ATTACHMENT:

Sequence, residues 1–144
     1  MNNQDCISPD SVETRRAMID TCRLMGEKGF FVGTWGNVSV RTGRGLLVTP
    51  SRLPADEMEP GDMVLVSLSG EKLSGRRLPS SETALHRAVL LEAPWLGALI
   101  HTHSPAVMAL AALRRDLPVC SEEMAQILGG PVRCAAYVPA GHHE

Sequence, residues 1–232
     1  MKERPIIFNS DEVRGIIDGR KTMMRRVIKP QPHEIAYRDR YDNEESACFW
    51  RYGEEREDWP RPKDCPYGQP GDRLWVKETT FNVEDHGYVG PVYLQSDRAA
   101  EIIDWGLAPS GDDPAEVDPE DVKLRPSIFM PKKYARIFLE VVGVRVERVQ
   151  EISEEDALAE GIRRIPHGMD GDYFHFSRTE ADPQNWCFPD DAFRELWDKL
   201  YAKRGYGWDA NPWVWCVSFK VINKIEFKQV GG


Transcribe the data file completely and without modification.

Sequence, residues 1–144
     1  MNNQDCISPD SVETRRAMID TCRLMGEKGF FVGTWGNVSV RTGRGLLVTP
    51  SRLPADEMEP GDMVLVSLSG EKLSGRRLPS SETALHRAVL LEAPWLGALI
   101  HTHSPAVMAL AALRRDLPVC SEEMAQILGG PVRCAAYVPA GHHE

Sequence, residues 1–232
     1  MKERPIIFNS DEVRGIIDGR KTMMRRVIKP QPHEIAYRDR YDNEESACFW
    51  RYGEEREDWP RPKDCPYGQP GDRLWVKETT FNVEDHGYVG PVYLQSDRAA
   101  EIIDWGLAPS GDDPAEVDPE DVKLRPSIFM PKKYARIFLE VVGVRVERVQ
   151  EISEEDALAE GIRRIPHGMD GDYFHFSRTE ADPQNWCFPD DAFRELWDKL
   201  YAKRGYGWDA NPWVWCVSFK VINKIEFKQV GG